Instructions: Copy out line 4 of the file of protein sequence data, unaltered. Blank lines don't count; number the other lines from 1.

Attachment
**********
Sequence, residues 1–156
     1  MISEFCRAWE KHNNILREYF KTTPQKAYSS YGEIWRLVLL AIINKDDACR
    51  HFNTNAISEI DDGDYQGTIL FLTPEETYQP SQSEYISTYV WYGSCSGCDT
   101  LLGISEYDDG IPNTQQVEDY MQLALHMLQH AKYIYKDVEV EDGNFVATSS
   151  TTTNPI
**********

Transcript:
   101  LLGISEYDDG IPNTQQVEDY MQLALHMLQH AKYIYKDVEV EDGNFVATSS